Despite the stigma, stimulant medications for ADHD discourage children from using drugs later in life.

Attention Deficit Hyperactivity Disorder (ADHD) is one of the most common mental disorders in children, by far.Any parent who resists giving their child some of the prescribed medications designed to treat it. One of the most prevalent concerns is that prescribing stimulant medications could lay the foundation for future drug use, including illegal drug use.

However, this medication is often the first treatment where childhood ADHD symptoms begin before the age of 12. For some children, methylphenidate, known by the brand name Ritalin, is the best option. It can relieve symptoms of ADHD that impair a child’s performance in school, as well as interfere with making and maintaining friendships. Stimulant medications are used to help children focus and pay attention better.

The Drug Enforcement Administration classifies some stimulant medications as Schedule 2 substances, which means they may induce euphoria and can be addictive. Of course, many parents may worry about how this will happen when the child grows up. However, despite their classification, taking stimulant medications as a child is not associated with drug use problems later in life, according to a new study published in the journal JAMA Psychiatry.

Said co-author Dr. Brooke Molina, MD, a professor at the University of Pittsburgh School of Medicine, told Salon: “I hope parents and caregivers can use this to get a little relief.” “If they feel the child’s conditions they are treating or are dealing with, that stimulant medication is prescribed, and that they can feel some relief that they are not adding to the existing risk that children with ADHD already have a substance use disorder by giving them stimulant medications.”

Molina and her colleagues analyzed 579 patients with ADHD over a 16-year period between childhood, adolescence, and adulthood to see if there was any link between taking stimulant medication and later drug use. During the time period, Molina and her colleagues interviewed children and parents, and collected data and questionnaires from their teachers and schools.

Molina and her colleagues found no relationship between stimulant treatment and drug use

“The data we have on these children is extensive, and that’s what created a really useful opportunity for us to answer this very question: which is, ‘Do children with ADHD who are treated with stimulant medication have a higher risk of drug abuse or higher risk? substance use disorder? ”. “And one of the things that was particularly useful about this data set is that we had very detailed records about their substance use.”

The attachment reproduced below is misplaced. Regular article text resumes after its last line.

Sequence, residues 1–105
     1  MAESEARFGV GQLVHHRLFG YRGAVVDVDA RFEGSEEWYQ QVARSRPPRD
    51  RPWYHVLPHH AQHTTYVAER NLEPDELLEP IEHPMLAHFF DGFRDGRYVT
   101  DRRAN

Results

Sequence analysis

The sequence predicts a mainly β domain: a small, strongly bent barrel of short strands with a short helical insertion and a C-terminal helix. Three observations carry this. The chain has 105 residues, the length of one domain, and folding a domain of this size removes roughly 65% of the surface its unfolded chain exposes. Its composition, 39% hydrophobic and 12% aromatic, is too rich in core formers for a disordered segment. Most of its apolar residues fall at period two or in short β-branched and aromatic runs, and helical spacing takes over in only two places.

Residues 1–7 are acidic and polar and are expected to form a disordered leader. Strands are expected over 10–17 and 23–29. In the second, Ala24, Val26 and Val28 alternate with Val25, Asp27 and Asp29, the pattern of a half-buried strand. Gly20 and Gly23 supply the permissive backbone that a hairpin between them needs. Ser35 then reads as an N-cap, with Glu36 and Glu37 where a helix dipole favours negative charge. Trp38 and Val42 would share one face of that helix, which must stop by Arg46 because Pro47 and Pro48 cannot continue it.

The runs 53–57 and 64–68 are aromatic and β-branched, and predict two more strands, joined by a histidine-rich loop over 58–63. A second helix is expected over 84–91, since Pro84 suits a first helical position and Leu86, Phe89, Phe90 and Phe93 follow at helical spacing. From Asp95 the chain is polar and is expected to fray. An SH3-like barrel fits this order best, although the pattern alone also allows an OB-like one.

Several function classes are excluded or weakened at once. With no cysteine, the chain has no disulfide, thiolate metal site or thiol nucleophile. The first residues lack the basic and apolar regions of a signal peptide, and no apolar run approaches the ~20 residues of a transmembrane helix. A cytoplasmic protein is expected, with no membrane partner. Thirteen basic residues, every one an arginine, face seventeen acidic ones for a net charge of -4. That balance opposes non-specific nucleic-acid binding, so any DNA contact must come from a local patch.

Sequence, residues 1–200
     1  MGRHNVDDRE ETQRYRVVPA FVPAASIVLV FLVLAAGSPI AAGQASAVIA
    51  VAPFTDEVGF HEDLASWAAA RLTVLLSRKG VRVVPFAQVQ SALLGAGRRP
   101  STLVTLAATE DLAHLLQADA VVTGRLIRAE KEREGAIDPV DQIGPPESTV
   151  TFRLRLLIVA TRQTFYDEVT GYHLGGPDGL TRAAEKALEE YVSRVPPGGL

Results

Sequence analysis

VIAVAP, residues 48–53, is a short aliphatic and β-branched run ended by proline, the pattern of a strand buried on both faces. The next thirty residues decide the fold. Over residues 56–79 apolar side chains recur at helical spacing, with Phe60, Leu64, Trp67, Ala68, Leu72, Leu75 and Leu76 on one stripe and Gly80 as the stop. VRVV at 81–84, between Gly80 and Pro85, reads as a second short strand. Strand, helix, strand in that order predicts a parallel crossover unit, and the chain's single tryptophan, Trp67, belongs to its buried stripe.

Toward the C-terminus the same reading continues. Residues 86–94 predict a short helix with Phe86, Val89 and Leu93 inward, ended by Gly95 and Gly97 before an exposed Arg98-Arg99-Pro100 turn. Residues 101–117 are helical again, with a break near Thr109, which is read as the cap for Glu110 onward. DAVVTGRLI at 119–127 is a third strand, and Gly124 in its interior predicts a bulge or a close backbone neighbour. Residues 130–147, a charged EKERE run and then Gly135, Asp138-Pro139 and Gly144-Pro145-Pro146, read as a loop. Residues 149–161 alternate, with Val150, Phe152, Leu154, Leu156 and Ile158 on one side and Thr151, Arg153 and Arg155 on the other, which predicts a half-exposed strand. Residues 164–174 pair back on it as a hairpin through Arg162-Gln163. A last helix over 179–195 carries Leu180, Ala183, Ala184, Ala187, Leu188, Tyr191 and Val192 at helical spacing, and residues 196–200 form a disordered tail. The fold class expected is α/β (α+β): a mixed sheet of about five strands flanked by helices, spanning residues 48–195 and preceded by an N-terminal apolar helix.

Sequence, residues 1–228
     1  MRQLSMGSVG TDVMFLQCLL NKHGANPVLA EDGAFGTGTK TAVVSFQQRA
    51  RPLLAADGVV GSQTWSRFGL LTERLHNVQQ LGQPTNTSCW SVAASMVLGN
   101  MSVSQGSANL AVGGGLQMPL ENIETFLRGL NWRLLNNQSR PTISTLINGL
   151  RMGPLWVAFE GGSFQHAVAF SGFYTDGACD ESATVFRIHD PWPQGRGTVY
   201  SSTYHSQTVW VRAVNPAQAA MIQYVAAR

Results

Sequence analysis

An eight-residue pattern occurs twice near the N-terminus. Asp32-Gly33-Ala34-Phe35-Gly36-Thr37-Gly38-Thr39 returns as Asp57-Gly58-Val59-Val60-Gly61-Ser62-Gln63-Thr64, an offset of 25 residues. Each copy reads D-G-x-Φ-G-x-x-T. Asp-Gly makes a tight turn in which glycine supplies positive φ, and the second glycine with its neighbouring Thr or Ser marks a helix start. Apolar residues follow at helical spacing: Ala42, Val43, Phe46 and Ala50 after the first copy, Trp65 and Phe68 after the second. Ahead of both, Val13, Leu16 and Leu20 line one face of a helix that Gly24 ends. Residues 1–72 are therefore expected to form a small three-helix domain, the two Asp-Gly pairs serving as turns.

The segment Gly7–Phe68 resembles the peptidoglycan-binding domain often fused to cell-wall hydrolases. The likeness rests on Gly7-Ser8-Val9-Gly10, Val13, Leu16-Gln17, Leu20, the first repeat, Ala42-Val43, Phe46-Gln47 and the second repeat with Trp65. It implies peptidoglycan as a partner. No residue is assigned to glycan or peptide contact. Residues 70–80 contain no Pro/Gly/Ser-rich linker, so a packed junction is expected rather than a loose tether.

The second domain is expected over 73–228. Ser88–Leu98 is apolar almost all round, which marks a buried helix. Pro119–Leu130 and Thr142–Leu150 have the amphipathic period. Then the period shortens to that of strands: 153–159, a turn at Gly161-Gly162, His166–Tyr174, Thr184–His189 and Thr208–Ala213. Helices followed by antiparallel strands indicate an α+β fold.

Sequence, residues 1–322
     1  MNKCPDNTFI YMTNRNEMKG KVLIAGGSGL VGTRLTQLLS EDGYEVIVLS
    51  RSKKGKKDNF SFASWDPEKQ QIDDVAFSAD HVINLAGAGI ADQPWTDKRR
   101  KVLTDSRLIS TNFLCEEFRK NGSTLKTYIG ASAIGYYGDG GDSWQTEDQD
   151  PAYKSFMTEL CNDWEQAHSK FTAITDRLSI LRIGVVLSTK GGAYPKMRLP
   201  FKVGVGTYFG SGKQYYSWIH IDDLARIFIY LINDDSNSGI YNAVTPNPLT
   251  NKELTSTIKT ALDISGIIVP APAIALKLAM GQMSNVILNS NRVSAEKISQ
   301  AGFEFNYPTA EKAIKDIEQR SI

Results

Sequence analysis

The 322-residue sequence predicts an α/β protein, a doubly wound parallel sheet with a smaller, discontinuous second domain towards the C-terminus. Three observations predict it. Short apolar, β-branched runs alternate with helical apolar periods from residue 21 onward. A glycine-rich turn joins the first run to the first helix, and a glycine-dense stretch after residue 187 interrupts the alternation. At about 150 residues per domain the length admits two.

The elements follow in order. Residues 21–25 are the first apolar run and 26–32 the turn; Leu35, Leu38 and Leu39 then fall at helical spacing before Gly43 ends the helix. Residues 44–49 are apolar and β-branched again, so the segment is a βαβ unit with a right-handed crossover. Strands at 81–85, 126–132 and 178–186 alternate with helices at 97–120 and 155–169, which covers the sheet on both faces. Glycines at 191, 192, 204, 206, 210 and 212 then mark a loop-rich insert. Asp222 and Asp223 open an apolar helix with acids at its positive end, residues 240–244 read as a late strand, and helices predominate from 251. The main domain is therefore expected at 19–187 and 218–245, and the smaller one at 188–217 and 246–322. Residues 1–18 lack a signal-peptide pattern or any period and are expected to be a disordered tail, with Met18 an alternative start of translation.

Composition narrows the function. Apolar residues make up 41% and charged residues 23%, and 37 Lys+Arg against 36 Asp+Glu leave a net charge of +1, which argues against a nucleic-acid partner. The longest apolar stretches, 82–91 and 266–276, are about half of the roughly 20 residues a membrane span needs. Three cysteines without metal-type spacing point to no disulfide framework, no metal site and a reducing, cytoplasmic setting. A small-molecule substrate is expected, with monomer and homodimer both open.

Molina and her colleagues found no relationship between stimulant treatment and drug use. In Molina’s study, she and her colleagues looked at the data in multiple ways to confidently reach their conclusion. Despite looking at the data from multiple angles, they found no correlation.

“I hope parents and caregivers can use this to get a little bit of relief.”

study co-author Tracy Kennedy, PhD, assistant professor of psychiatry at the University of Pittsburgh School of Medicine, said in a news release. “Taking these factors into account allowed us to more accurately test the relationship between doping and drug use.”

As Molina explains, children with ADHD have a high risk for substance abuse. But Molina compared it to being the daughter of an alcoholic father.

“Just because you have a mother or father who has or has had an alcohol use disorder, it in no way means that you will develop it,” Molina said. “But you have a high stakes.”

Notably, Molina’s study also did not find “protective effects” of stimulant medications.

“There is a lot of strong belief that taking medication, starting it earlier, taking it longer, taking it consistently will lead to better outcomes in the long run,” Molina said, adding that that would generate the hypothesis that children are being treated in this way. They have a lower likelihood of a substance use disorder as adults. “So we didn’t find that and that is something that will surprise some readers.”

Diagnoses of ADHD have continually increased Since the 90s. Approximately 1 in 10 children and adolescents between the ages of 3 and 17 living in the United States currently has a diagnosis of ADHD. As a follow-up, Molina will explore one of the study’s big limitations.

“We have followed individuals from infancy receiving treatment in childhood through to older ages, but we do not have children in this study whose treatment began in adolescence or adulthood,” said Molina. “And this might be a different kettle of fish.”

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